Choice, Competition, and Cognition: How Arizona Charter School Leaders Interpret and Respond to Market Pressures
Author ORCID Identifier
Peabody Journal of Education
A key goal of school choice policies is to generate competition between schools, which should theoretically drive school leaders to improve their programs to attract and retain students. However, few studies examine how principals actually perceive and define competition. This article empirically examines school leaders’ conceptions of competition and their strategic behaviors using cognitive frameworks from new institutional theory, including sensemaking theory. Drawing on data from qualitative interviews with 30 charter school leaders in Arizona, we explore how leaders’ cognitive understandings of competition influence their actions in an educational “marketplace.” We find charter school leaders make meaning of “competition” in different ways, influenced by their local contexts and their conceptions of what actions are legitimate. Our work suggests that it is important to study the meanings of competition to school leaders, as it has important implications for schools’ competitive responses and, ultimately, student outcomes. Our work has important implications for policy makers seeking to expand school choice as it sheds light on how competition works in practice, with implications for equity and access.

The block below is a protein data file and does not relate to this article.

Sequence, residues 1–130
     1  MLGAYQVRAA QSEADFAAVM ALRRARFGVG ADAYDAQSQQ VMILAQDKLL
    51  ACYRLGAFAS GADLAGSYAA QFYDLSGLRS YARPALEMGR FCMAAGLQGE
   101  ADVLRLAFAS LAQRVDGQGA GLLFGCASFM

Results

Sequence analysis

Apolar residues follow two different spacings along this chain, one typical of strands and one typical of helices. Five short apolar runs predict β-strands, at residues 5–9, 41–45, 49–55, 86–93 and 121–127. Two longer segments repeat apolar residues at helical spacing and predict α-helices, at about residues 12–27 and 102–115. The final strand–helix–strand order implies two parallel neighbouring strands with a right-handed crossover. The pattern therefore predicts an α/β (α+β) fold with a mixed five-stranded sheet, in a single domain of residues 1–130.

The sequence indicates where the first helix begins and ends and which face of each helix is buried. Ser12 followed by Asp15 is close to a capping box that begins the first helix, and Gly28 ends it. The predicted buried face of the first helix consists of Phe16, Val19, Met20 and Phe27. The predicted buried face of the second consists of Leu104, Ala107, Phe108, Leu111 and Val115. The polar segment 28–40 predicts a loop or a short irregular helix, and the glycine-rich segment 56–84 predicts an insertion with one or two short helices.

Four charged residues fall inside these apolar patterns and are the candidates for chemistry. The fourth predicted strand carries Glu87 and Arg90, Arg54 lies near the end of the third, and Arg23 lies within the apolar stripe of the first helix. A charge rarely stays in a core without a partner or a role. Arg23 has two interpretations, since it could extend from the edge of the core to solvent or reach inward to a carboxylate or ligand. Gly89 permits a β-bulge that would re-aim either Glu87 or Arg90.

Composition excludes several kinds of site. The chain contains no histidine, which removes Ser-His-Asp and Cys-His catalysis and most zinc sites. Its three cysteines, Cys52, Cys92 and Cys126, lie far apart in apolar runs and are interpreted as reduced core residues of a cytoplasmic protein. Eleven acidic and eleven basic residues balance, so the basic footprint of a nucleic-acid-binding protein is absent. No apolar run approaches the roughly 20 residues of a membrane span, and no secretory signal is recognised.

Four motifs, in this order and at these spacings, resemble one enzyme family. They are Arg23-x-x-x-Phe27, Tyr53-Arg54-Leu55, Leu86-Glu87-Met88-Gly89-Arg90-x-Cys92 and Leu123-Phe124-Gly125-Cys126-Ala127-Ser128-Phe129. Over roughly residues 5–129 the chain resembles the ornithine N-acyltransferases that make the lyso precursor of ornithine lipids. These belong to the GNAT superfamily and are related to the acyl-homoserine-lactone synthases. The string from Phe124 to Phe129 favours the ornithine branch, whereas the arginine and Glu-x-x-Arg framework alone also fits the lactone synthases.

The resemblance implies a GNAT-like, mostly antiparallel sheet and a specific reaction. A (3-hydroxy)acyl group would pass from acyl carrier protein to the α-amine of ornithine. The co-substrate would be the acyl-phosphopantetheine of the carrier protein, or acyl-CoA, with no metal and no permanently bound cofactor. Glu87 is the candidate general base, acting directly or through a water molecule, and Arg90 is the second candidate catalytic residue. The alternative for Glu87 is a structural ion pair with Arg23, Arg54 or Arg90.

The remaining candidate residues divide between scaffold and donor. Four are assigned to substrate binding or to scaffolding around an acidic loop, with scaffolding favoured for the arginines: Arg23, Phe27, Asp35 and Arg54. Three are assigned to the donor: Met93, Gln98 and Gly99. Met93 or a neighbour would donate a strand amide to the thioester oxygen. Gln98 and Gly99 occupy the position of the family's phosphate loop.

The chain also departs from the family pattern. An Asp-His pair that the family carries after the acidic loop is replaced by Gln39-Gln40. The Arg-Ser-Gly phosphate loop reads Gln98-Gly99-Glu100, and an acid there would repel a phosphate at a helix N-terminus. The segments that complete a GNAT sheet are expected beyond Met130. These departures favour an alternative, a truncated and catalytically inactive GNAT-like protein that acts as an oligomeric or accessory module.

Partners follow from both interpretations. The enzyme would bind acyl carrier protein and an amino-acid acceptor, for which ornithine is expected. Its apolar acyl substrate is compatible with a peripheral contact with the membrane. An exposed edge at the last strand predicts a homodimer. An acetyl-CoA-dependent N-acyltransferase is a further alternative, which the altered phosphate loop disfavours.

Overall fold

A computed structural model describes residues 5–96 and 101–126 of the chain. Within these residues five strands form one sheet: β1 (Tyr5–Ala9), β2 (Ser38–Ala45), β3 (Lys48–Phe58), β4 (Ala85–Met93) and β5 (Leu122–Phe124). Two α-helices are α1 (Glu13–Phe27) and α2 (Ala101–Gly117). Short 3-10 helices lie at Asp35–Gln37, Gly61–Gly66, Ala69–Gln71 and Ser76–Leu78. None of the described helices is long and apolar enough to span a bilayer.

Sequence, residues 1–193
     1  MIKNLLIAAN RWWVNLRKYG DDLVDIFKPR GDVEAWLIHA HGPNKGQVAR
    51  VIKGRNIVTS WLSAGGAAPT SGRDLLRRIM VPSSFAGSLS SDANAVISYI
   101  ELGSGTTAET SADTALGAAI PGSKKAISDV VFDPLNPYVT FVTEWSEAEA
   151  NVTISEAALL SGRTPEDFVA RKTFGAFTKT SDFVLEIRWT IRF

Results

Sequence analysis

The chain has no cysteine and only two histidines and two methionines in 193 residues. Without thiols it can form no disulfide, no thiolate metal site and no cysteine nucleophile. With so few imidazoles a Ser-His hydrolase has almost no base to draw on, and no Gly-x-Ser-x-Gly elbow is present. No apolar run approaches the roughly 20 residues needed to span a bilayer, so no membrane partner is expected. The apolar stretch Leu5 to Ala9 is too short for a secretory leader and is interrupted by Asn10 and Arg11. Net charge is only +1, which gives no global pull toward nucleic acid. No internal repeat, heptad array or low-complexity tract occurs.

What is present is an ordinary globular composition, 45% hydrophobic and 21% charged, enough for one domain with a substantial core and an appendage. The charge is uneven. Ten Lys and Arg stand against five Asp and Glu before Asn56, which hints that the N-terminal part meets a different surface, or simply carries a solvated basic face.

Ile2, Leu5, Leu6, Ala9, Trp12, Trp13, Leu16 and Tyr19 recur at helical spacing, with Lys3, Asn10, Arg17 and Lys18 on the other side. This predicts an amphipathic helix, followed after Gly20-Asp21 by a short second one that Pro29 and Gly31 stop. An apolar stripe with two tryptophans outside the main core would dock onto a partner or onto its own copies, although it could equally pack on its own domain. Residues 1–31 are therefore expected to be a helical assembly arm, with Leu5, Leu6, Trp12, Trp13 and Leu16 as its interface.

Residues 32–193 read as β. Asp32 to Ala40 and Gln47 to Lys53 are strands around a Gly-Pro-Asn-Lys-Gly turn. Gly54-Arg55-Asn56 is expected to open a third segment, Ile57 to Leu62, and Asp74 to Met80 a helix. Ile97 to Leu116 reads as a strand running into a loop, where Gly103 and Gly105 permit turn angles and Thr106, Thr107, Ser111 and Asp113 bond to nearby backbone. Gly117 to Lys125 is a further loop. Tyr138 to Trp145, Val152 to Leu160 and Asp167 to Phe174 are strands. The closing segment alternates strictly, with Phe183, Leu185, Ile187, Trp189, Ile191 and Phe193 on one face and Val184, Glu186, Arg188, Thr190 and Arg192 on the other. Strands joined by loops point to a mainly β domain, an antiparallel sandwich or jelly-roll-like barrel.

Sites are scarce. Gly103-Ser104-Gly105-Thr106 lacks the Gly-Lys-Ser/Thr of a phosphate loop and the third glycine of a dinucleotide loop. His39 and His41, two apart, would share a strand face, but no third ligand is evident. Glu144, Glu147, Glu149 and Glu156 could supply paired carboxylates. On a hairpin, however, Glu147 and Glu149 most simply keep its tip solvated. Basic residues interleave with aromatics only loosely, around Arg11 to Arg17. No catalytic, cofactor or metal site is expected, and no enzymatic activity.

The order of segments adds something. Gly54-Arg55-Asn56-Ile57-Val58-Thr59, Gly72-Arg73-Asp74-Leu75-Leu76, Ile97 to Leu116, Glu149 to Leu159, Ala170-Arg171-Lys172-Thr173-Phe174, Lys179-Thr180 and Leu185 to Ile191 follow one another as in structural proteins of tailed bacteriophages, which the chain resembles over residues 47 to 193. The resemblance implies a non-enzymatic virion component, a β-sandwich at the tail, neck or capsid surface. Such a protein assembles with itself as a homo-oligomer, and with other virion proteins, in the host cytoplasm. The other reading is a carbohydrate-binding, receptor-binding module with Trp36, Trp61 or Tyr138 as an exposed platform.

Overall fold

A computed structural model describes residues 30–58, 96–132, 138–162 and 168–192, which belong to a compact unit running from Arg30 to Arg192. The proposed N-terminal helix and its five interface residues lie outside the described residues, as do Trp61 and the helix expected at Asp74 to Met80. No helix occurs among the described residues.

Jabbar, Huriya and Creed, Benjamin, "Choice, Competition, and Cognition: How Arizona Charter School Leaders Interpret and Respond to Market Pressures" (2020). NIU Bibliography. 419.
Department of Leadership, Educational Psychology, and Foundations (LEPF)